Unisys Corp. this week announced two new ES7000 server lines, the Orion and Aries, that are its first to feature Intel Corp.s just-released 64-bit Itanium 2 processors.
Unisys, based in Blue Bell, Pa., is counting on Intels high-performance 1GHz Itanium 2 chips to help boost sales of its 32-way ES7000 server and draw shares away from 64-bit market leaders Sun Microsystems Inc., Hewlett-Packard Co. and IBM.
The new ES7000 Orion 130 can be configured with up to 32 Itanium 2 chips in two independent domains of 16 processors each, making it the highest Itanium 2 configuration available on the market today. Unisys also offers a similarly configured Orion 230, which features Intels 32-bit Xeon processors.
The Orion, which offers fault-tolerant features such as component redundancies and multiple power domains, is targeted at running companies most business-critical applications that require high-availability.
The Orion 130 can be equipped with up to 64GB of memory per domain and offers 64 internal I/O slots. The Orion 230 also can handle up to 64GB of memory, but offers 96 I/O slots. Prices for the two models range between $140,000 and $700,000.
The new ES7000 Aries series is targeted at the high-end Intel-based and low-end Risc-based server space. The Aries can be configured to handle eight, 12 or 16 Intel processors. While less robust than the Orion, the Aries does also include fault-tolerant features, such as self-diagnosing software, and is certified to offer 99.9 percent availability.
The Aries 130 can be equipped with up to 16 Itanium 2 processors, 64GB of memory and offers 16 I/O slots. The Aries 230 can house up to 16 Xeon chips, 32GB of memory and 48 I/O slots. System prices range from $75,000 to $300,000.
Unisys is optimistic that the latest versions of its ES7000 server, first introduced in 1999, will attract corporate customers seeking to reduce IT costs, an issue thats become a top priority for many companies seeking to ride out the current economic downturn.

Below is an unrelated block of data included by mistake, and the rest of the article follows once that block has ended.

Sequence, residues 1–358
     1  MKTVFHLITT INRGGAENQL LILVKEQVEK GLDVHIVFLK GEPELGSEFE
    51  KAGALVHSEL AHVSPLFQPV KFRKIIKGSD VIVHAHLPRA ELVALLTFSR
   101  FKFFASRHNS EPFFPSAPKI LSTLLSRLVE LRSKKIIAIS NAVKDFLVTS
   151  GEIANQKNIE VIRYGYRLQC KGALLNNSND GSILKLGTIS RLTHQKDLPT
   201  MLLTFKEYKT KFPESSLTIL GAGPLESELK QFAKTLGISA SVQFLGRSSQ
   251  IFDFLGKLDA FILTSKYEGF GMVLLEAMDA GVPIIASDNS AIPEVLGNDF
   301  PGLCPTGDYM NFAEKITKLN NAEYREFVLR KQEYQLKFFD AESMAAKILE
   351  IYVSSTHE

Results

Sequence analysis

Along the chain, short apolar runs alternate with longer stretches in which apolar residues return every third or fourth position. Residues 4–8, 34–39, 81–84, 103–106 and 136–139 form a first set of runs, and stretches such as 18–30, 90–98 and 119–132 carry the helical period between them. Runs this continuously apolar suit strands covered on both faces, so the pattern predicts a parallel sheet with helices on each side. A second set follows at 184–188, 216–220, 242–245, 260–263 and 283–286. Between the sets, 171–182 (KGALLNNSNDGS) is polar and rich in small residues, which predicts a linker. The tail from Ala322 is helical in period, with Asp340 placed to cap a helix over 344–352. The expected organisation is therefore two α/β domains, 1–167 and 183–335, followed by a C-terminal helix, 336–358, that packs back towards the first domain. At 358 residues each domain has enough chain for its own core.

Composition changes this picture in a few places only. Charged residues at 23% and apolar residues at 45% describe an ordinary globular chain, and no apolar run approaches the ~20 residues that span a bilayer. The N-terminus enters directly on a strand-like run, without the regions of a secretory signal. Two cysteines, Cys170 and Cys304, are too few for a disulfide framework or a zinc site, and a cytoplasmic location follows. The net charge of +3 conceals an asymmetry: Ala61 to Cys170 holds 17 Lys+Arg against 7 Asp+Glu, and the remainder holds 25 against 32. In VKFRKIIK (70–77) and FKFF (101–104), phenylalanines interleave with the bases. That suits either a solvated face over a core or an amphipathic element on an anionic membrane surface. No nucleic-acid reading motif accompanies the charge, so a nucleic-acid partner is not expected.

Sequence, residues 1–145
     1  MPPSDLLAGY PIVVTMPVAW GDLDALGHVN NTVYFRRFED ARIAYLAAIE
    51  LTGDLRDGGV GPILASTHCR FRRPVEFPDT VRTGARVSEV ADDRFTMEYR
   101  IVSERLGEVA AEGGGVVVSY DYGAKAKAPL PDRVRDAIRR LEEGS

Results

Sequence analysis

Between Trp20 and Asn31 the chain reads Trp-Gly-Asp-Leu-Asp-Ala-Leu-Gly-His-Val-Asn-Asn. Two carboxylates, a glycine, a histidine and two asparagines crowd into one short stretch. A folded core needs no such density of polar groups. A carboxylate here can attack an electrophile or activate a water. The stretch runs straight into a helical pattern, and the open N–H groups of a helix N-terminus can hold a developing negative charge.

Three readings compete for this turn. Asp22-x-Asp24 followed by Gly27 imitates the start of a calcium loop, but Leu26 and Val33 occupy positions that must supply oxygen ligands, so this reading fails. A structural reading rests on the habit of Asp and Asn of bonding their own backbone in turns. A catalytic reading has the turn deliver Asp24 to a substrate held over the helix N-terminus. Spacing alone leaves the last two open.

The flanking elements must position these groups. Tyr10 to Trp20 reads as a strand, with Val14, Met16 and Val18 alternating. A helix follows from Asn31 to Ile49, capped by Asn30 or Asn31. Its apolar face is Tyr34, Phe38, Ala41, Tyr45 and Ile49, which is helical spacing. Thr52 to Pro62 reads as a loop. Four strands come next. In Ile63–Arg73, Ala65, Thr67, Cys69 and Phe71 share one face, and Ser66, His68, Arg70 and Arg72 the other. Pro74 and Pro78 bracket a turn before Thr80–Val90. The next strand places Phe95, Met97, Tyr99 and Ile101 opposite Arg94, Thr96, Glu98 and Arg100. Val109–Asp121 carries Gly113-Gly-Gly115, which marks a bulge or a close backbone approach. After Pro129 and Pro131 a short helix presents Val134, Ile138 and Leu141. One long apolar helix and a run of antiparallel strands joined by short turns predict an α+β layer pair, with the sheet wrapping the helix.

In particular, Unisys is hoping companies will migrate away from high-end Unix-based hardware offered by such rivals as Sun and IBM and switch to Microsoft- and Intel-based systems as a way to reduce expenses and streamline operations.
“Every large company has two or three versions of some proprietary Unix hardware and multiple operating systems,” said Kevin McHugh, vice president of Unisys Platform Marketing. “But its becoming a financial burden to have skill sets around to support all those things.”
By replacing those Unix systems with ES7000 servers, McHugh said, companies could extend the same architecture they likely use in their desktops and low-level servers—basically Windows-based applications and Intel-powered hardware—into their backend data center.
“Companies would rather have the same basic architecture and operating systems from handhelds and desktops through to the mainframe servers,” McHugh said. “What were offering is the ability to finish off that visions. With the ES7000, they can simplify on Windows and Intel, and not have to sacrifice any functionality, scalability, performance or anything.”
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